Monday, July 18, 2011


So help me Zeus and All His Glory, but I just ate a partially frozen Crunch bar for breakfast... and I don't even like the bloody things.  I am a chocolate snob, and most commercially made milk chocolate isn't worth the caloric intake, in my opinion. (Yeah, I know what you're thinking-more for you!) But it was sitting there in the butter keeper under the box of Land O'Lakes...taunting me. So I ate it. The only thing I enjoyed about it was the crisp snap of the chocolate slab and the cereal crunchies: otherwise, it could have been made out of sweetened cardboard for all I care. It was a choice-probably not the best for breakfast. I'll admit that I had been up all night, so it was only breakfast by a technicality ( it was 7 a.m.).

We make choices all the time: what to wear to work, what to have for dinner, what to watch on TV, who to allow our circle of friends. Everything we do is influenced by the choice we make daily. Turn left or right at the stop light? See? Nothing is simple, yet we often make choices spur of the moment, without thinking things through and without considering the outcome. I'm not saying that we need to become emotionally constipated by analyzing everything..that's hardly a healthy thing to do and tips the OCD sale just a bit too far...but I do think that the bigger things, the long range and father-reaching choices in life sometimes need to be examined with a little more depth than, say, having a candy bar for breakfast.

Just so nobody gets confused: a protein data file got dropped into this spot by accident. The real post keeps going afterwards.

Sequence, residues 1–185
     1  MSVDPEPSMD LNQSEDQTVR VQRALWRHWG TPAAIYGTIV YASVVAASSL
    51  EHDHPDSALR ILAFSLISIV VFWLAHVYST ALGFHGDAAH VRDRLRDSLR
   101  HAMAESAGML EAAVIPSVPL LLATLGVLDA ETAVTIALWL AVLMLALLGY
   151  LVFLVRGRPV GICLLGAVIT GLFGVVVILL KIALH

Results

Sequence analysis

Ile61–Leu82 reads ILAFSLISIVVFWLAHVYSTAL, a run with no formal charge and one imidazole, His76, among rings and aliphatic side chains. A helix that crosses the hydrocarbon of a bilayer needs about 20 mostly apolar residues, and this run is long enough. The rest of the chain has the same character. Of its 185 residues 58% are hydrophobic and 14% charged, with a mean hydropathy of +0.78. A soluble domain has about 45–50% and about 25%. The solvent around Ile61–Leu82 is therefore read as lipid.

Dear sweet, gullible, innocent Forrest Gump would tell you that life is just like a box of chocolates because you never know what you're going to bite into....Forrest, buy the way, had better script writers than you and his life- although simple and filled with serendipity- always contained something exciting and news worthy. Real life isn't always that way. Most of it is, in fact, very ordinary and mundane....and I like it that way.  I like predictable and steady without surprises as a rule. Please don't up-dump my apple cart. It's often not what I end up with and sometimes I feel like I'm going from disaster to another, from one crisis to the know, the truly sucky stuff we all end up with when we just want a little normal and bland. Vanilla is good. That's why we crave it in coffee and comfort foods.